“I think Le Pen and her party is a vast and dangerous joke. She works with emotions and particularly fear of the unknown,” she said. “Macron is just trying to confuse people into thinking that being extremely liberal economically and caring about social justice can go hand-in-hand, but it just doesn’t work and makes society always more unequal. It’s really just all about himself and his millionaire friends in the end.”

Paula said she believes that the best way for her voice to be heard is to not vote at all.

“It'll send a first message to the people, I guess, and then we'll work on finding other ways,” she said.

Not every voter on the hard left in France is convinced abstaining is the best course of action, but many are definitely thinking about how to best navigate the second round.

Antoine Figli, a 23-year-old from Marseille, also voted for Mélenchon Sunday night. Figli told BuzzFeed News he’s also seriously considering abstaining. “A lot of people I know are thinking about abstaining and I think a lot of them will because they are tired of being forced to vote for the ‘least bad,’” he said.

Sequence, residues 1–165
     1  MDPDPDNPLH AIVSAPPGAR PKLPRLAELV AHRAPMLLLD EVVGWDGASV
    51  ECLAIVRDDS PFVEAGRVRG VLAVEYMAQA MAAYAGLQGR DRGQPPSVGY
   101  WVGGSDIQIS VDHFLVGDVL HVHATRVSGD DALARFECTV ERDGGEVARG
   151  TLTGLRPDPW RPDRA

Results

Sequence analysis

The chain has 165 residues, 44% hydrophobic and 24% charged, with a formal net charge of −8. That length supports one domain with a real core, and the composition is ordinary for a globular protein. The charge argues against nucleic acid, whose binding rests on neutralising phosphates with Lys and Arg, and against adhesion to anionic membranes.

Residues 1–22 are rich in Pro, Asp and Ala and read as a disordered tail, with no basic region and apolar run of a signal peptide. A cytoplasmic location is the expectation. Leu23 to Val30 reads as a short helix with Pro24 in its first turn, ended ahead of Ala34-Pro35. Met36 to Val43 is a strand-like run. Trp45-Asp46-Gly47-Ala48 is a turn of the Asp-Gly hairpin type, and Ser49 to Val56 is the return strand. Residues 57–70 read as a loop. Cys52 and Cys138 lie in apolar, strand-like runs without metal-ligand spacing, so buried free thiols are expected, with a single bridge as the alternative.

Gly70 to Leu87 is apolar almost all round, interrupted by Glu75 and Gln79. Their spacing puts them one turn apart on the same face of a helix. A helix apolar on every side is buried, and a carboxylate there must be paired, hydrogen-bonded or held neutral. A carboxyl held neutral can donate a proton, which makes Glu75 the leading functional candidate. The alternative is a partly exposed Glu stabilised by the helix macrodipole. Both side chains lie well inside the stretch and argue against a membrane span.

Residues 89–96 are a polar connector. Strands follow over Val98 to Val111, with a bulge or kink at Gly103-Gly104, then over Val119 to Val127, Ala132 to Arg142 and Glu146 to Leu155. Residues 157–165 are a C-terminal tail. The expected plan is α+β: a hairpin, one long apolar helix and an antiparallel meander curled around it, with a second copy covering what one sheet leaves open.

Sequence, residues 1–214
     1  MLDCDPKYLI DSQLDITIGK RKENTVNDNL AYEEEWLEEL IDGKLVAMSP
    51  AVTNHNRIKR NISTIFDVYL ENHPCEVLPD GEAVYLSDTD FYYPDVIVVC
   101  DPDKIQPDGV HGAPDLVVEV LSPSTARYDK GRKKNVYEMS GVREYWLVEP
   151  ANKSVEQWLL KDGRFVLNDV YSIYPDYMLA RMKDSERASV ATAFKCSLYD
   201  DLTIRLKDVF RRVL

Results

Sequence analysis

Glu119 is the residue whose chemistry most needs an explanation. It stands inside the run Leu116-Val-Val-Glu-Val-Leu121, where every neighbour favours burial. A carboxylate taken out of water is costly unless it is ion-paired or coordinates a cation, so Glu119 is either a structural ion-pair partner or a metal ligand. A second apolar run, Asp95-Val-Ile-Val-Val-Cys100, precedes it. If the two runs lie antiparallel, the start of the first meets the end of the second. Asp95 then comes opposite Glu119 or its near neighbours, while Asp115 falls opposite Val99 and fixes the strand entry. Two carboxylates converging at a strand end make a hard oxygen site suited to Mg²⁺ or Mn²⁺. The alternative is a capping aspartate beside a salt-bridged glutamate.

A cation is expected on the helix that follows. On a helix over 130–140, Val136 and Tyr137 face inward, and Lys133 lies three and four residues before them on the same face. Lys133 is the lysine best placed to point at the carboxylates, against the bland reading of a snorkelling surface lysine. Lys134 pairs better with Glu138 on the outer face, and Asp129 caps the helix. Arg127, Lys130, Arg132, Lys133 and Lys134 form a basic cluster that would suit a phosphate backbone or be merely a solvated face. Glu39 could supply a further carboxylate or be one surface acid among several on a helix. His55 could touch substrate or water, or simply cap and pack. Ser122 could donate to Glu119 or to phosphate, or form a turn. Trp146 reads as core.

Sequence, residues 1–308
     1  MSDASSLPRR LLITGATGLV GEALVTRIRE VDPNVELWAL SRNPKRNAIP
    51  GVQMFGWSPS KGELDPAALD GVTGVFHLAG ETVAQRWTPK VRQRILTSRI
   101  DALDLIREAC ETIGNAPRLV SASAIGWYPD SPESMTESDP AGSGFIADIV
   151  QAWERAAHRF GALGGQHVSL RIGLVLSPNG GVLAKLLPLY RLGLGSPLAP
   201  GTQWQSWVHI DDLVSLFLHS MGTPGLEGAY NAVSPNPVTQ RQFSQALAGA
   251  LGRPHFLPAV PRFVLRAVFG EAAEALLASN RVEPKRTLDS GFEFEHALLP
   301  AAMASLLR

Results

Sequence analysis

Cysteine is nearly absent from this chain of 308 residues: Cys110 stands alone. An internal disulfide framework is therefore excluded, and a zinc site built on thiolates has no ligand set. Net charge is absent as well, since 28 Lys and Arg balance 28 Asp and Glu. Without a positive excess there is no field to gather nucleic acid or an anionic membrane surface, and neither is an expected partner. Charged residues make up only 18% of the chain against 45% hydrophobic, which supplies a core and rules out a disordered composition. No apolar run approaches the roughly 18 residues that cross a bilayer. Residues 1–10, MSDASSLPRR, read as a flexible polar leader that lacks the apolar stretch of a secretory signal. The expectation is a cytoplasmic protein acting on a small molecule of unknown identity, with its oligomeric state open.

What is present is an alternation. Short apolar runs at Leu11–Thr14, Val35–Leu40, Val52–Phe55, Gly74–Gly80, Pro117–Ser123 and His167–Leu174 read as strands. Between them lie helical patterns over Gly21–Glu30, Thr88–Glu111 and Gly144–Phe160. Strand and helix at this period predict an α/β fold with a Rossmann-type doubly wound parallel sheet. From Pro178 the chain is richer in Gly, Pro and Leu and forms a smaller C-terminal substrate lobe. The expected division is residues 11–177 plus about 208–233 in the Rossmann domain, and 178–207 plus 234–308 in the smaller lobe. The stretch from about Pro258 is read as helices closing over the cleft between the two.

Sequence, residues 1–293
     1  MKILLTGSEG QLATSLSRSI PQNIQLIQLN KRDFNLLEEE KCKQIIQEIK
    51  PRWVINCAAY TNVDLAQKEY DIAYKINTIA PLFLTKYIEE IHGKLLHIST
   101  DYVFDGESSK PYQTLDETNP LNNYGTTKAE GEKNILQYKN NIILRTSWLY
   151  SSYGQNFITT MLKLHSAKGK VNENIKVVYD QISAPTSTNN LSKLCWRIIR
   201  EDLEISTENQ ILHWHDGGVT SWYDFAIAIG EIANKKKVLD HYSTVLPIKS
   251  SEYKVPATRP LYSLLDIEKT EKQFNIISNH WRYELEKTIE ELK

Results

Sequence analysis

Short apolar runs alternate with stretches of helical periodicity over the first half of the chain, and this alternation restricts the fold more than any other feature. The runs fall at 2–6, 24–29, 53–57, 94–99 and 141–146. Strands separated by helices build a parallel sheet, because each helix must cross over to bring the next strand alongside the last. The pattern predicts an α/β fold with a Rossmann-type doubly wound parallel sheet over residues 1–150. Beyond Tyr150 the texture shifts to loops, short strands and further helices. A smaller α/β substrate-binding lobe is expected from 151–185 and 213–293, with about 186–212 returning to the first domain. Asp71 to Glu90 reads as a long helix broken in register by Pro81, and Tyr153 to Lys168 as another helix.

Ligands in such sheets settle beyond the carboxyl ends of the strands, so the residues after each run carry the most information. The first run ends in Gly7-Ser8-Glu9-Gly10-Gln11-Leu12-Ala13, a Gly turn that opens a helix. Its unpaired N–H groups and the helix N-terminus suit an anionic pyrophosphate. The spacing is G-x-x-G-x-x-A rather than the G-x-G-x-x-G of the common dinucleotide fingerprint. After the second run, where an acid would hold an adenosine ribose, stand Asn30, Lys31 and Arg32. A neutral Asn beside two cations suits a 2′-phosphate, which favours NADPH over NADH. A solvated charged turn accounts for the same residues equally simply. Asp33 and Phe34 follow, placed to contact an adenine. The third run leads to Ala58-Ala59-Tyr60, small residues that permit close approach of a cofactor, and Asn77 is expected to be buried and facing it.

Figli said if he does vote, he’ll vote for Macron, but believes he will be “a disaster for poor people and workers in general.” He said that he believes Le Pen is the French Donald Trump and is worried that she might win, but he is upset because he feels forced to vote for Macron simply to keep Le Pen out of office.

“I think it is very possible for Marine Le Pen to be elected and that is the only thing that would make me go out and vote against her,” he said.

Ryan Broderick is a reporter for BuzzFeed News and is based in London.

Contact Ryan Broderick at ryan@buzzfeed.com.

Alberto Nardelli is Europe editor for BuzzFeed News and is based in London.

Contact Alberto Nardelli at alberto.nardelli@buzzfeed.com.